InAugust2014,sufferingfromtheeffectsoftheglobaleconomiccrisisandinvestmentsthat based upon investors receiving areasonable return based

oversaturated the solar sector after its 2010 campaign, the GCSPA became too expensive for the
new Government exchequer. Between 2014 and 2016, Sahare amended the GCSPA to decrease
the rate of the feed-in tariff, added certain technical requirements, limited the operating hours
subject to the feed-in tariff, and imposed an additional charge for access to the grid. In
September 2014, Sahare enacted two additional laws targeting this regulatory scheme. These laws
had a substantial impact on the scheme and, inter alia, removed the feed-in tariff to generators
after the fifteenth year of the solar plant’s life, reduced the number of operating hours of
generators, and charged Rs. 40 per megawatt for access to the electric grid. In January 2016,
further changes in the GCSPA were adopted, including a 10 % tax on the amount of energy fed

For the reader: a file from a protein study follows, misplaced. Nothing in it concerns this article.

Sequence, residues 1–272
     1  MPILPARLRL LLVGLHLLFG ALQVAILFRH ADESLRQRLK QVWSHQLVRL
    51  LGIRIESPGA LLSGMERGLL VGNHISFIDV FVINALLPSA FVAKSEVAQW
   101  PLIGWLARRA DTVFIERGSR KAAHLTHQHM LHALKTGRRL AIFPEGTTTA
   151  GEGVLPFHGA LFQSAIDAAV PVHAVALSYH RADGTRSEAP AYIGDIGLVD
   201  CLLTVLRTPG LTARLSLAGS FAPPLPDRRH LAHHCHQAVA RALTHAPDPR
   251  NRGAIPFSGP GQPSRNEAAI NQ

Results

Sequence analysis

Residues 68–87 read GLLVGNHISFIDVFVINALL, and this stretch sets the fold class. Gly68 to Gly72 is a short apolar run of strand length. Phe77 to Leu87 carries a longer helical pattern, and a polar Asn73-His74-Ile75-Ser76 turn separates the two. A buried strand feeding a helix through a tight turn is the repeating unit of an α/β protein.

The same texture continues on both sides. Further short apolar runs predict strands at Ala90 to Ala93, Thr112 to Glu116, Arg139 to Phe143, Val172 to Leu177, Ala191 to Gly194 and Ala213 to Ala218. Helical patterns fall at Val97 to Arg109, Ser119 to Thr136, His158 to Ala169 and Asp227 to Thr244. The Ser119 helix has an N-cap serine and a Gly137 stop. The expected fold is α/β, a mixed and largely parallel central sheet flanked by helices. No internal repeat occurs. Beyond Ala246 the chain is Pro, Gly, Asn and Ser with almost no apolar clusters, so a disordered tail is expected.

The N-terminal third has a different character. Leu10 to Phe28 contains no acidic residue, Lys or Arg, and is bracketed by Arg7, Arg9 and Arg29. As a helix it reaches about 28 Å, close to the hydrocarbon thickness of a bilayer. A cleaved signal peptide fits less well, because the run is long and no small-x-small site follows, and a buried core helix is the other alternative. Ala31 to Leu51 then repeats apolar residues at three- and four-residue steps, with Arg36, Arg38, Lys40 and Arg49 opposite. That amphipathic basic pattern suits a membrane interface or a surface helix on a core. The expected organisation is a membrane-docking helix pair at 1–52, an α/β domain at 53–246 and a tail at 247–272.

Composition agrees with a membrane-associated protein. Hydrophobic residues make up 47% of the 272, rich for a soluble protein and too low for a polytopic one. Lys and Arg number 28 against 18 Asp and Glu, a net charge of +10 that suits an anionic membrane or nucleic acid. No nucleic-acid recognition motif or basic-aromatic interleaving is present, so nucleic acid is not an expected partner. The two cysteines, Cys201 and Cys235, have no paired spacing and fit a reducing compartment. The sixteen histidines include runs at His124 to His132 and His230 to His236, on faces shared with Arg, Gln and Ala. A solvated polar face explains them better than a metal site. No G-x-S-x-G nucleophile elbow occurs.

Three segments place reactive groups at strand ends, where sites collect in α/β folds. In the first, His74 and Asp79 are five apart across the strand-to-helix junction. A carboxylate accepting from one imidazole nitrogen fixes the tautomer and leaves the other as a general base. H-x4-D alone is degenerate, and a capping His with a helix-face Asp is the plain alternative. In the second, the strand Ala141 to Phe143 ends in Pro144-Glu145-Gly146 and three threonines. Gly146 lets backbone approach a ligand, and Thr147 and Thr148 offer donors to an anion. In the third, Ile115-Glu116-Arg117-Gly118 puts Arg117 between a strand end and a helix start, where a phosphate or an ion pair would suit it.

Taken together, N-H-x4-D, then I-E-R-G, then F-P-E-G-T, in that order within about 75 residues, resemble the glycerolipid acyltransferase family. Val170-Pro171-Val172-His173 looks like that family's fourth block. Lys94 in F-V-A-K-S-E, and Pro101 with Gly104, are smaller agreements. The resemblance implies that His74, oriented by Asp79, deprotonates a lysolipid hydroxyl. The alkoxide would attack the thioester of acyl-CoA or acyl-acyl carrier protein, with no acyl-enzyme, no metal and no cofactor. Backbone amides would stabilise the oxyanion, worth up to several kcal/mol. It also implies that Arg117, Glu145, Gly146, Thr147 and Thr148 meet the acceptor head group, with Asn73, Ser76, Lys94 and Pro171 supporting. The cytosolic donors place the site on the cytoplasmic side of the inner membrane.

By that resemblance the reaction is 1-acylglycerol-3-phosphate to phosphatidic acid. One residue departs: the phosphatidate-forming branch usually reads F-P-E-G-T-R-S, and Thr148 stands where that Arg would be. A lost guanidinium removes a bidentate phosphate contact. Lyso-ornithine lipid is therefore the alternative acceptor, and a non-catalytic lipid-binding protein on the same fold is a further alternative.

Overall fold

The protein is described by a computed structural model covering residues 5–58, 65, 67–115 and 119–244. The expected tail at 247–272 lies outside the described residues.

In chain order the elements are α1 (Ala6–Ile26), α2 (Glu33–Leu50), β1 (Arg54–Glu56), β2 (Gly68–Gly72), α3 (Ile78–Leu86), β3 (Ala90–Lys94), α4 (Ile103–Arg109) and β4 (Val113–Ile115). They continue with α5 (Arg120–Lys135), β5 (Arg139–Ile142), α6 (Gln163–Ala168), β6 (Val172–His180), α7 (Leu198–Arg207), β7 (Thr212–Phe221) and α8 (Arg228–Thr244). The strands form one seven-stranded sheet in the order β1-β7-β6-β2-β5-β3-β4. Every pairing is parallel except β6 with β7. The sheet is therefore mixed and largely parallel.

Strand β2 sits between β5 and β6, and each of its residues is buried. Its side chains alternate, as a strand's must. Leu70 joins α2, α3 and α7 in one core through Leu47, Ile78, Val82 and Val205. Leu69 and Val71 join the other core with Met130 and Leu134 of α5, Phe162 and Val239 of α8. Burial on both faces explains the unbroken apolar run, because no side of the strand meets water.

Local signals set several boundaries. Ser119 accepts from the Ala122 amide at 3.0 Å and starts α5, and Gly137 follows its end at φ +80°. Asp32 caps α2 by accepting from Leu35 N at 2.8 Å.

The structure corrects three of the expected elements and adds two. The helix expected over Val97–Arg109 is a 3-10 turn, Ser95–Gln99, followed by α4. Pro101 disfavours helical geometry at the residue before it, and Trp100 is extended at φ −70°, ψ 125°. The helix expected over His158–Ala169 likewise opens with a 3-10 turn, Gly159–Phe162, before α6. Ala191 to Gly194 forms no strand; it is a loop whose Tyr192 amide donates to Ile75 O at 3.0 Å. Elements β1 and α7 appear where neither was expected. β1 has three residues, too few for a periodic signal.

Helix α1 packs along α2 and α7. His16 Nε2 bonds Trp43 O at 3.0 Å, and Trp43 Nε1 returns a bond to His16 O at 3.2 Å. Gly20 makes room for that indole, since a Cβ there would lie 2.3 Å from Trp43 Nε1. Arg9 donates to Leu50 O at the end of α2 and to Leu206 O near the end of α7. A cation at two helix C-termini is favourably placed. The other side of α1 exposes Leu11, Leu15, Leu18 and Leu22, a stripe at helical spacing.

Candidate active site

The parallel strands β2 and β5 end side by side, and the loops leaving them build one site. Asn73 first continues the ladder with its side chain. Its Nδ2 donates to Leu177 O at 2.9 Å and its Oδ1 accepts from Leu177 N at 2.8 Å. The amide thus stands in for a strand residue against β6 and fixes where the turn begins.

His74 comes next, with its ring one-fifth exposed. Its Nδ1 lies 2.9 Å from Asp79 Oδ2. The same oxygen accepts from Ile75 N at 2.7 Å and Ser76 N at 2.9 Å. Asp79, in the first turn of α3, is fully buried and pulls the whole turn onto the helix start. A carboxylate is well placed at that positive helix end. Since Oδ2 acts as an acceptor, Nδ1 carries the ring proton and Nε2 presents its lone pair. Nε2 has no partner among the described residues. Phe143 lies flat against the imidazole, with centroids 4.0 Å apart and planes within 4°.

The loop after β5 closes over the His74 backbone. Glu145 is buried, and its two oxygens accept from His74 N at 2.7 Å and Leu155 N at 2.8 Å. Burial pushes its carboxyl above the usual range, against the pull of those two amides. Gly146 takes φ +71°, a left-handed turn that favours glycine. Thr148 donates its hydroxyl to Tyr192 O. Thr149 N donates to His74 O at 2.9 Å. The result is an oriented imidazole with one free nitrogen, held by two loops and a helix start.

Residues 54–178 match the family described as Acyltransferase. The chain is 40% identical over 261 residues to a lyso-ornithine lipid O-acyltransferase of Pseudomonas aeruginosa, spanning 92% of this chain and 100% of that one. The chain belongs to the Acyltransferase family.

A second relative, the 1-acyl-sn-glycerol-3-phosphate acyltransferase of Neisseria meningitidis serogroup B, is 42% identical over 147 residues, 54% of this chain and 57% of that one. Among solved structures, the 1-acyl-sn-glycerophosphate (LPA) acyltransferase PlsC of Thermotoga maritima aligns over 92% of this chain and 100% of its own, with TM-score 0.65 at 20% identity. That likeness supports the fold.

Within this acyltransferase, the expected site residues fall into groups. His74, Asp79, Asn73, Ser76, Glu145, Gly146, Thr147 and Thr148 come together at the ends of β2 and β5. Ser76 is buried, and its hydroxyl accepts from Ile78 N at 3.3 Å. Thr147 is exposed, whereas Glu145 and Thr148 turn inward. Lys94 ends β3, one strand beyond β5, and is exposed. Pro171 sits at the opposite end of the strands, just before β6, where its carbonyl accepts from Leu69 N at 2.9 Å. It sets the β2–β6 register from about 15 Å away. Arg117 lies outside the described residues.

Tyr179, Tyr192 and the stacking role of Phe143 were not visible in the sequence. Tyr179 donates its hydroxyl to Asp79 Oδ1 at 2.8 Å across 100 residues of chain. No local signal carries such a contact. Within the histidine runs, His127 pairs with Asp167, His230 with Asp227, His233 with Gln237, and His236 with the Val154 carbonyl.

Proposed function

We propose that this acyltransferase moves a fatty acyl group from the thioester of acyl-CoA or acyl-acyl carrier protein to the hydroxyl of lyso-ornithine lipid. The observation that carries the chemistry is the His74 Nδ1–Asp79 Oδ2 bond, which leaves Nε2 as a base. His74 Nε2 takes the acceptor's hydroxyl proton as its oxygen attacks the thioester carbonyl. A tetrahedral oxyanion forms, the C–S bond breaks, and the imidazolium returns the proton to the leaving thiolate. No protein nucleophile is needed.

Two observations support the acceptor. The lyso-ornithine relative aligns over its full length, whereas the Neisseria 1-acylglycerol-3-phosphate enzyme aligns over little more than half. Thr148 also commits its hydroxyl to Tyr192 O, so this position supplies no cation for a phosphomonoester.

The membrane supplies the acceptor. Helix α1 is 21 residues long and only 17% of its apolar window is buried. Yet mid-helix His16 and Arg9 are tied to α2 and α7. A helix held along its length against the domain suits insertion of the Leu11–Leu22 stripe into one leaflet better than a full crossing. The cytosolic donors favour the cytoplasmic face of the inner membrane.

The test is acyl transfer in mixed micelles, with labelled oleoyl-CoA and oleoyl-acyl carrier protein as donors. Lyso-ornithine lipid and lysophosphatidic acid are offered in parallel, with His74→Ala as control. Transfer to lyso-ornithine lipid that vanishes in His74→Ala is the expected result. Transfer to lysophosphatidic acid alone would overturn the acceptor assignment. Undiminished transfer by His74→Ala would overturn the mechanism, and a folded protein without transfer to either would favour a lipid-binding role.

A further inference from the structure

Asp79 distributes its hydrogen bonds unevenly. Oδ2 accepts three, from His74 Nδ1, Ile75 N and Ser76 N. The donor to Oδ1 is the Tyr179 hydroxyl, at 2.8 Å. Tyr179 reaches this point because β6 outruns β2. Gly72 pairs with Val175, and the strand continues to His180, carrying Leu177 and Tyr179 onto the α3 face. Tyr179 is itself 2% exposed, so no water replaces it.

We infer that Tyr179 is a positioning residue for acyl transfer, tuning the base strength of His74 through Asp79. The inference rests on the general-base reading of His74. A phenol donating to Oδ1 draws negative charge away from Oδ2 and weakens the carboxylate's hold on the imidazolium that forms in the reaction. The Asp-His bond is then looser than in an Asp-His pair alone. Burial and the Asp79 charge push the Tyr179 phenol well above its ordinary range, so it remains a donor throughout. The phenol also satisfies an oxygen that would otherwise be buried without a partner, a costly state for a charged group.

into the grid; replacement of the original plan with a system based upon remuneration measured

against hypothetical standard costs, and subsequently a regime based upon investors receiving areasonable return based upon a hypothetical efficient photovoltaic plant. This move according
to the investors undermined or even destroyed the profitability of the projects, as they had
proceeded on the basis of the previous legislative frameworks.

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Up to March 2016, RPP Phase II had still not been installed. LPL demanded an extension of
time from the Government, stating that the delay was caused due to problems with Sahare’s
economy, changes in laws by the Government and increased input costs. However, the
Government refused to grant such extension, stating that the direct reason was not the economy
or legislation, but fraud and mismanagement within LPL. 



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